Sandstorm Student Center

Wednesday, July 15, 2009

How do you design for clients that promote beliefs other than your own?

For example, if I am a vegetarian how do I design a website for good ol' Micky D?

This issue has come up two times in my design career.

I was once called to work at an agency on their "cigarette" account. It was great work and even better pay. I don't smoke, nor agree with the advertising directed towards teens (this was when Joe Cool was still for teens). That day I turned it down and made the decision that I personally couldn't do it.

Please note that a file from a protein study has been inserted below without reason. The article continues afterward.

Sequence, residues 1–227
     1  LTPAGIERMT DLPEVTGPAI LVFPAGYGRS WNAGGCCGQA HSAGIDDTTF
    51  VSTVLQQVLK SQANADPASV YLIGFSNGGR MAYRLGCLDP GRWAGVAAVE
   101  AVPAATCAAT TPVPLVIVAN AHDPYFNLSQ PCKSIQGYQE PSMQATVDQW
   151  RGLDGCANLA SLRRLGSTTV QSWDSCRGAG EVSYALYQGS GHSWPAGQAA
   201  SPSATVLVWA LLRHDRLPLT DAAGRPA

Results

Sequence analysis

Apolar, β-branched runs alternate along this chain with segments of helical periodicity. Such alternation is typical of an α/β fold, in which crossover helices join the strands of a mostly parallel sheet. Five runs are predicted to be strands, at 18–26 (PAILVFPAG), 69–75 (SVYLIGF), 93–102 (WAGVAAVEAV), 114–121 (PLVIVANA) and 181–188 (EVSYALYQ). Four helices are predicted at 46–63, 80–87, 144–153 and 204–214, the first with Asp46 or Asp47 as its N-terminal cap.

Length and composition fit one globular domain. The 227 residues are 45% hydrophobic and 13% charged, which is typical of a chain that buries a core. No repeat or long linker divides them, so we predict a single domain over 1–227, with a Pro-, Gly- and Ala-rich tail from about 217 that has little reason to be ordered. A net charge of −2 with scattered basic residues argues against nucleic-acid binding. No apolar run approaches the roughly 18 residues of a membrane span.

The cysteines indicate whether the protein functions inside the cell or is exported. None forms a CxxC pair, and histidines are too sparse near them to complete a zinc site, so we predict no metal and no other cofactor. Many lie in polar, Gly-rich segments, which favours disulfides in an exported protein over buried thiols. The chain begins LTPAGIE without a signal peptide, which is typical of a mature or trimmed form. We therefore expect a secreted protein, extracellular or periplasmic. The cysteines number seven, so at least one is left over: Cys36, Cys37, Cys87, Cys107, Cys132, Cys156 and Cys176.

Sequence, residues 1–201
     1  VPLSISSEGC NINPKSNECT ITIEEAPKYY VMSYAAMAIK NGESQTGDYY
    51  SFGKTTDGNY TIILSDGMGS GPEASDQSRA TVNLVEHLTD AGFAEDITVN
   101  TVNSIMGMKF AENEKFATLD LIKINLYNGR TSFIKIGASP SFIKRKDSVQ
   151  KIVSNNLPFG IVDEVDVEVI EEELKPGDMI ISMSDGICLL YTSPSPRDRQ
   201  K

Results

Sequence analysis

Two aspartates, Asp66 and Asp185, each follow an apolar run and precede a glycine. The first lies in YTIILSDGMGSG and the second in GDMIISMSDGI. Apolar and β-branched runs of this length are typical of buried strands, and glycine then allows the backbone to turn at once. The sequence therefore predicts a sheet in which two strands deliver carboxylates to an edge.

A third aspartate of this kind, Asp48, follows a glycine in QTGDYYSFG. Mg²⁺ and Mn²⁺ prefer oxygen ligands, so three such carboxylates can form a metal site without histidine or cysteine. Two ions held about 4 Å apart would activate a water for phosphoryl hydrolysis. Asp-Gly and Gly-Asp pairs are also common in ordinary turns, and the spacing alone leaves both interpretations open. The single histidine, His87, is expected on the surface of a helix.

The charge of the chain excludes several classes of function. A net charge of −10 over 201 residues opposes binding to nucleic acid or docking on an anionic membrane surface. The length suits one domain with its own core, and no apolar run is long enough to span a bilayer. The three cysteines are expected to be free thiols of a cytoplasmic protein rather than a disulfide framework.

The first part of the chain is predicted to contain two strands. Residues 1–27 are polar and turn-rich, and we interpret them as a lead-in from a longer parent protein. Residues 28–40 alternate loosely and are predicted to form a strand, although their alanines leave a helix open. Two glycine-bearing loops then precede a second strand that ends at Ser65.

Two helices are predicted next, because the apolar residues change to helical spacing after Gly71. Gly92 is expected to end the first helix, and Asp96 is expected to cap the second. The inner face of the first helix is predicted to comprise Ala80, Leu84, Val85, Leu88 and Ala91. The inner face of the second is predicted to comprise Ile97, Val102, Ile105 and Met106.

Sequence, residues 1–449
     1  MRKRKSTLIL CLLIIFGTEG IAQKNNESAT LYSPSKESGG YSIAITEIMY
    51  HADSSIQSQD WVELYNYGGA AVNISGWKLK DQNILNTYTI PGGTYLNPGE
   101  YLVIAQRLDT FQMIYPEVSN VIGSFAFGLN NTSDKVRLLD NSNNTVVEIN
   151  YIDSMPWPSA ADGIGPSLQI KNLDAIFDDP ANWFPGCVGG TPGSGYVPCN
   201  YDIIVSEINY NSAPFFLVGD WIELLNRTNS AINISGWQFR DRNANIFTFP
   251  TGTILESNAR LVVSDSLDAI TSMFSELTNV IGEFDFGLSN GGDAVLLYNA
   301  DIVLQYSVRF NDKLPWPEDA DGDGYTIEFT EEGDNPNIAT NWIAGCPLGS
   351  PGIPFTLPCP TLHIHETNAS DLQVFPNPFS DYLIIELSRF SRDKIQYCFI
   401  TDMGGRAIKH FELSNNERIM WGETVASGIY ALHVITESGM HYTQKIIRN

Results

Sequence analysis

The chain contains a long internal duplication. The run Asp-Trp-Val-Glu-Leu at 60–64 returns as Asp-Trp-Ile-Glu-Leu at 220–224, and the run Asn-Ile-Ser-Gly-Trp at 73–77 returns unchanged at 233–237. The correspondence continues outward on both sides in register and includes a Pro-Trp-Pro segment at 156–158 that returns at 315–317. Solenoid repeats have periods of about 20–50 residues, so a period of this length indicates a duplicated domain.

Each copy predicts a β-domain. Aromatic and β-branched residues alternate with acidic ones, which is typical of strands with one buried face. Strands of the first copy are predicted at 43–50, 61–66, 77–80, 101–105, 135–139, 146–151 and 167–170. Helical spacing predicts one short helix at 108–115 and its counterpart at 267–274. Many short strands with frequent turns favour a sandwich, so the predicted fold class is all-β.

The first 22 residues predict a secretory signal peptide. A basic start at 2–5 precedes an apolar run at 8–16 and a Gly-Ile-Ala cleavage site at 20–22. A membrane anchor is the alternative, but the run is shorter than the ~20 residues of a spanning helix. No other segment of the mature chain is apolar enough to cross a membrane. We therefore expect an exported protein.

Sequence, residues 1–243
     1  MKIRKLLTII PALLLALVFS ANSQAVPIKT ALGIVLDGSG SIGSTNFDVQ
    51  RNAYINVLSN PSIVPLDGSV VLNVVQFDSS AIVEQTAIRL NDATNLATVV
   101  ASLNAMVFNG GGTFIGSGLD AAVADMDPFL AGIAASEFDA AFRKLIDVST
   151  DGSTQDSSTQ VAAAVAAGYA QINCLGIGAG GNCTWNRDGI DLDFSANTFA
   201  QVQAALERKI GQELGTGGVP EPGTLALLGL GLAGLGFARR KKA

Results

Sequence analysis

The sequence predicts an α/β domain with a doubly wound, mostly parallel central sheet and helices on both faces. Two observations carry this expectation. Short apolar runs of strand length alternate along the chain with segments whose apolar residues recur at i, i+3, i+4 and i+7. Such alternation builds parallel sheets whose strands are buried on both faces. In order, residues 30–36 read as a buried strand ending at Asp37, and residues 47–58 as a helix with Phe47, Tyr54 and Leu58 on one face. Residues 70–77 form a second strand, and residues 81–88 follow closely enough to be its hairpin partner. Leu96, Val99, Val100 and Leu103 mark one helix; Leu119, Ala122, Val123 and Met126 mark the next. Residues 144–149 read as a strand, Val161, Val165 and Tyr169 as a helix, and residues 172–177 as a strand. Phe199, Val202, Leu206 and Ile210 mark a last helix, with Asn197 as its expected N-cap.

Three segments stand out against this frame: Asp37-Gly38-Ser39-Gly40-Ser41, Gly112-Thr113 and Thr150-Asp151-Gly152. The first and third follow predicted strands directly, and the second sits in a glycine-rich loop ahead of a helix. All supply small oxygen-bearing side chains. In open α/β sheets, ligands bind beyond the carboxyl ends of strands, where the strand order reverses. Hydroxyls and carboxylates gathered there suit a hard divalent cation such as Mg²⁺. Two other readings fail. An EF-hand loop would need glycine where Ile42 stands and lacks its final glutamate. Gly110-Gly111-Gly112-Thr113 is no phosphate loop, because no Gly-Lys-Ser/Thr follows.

However, a copywriter I know very well was asked to write the entire web site for a large meat production plant. She is a vegetarian and has been since she was 13. She took the work. When she got to the plant she got the tour of the slaughter house and of the meat production. She then had to spend hours writing about *yummy* meat.

How did she do it? Just like anything else -- she researched her target market, learned about the industry, and took her personal emotion out of the project. When you design for a client, it's for the client, not yourself.

There is a good chance you will be faced with something like this in your design career. There is no right or wrong answer. It's a personal decision. I lost out on a big project and some money, and I have no regrets. And neither does the copywriter I know.

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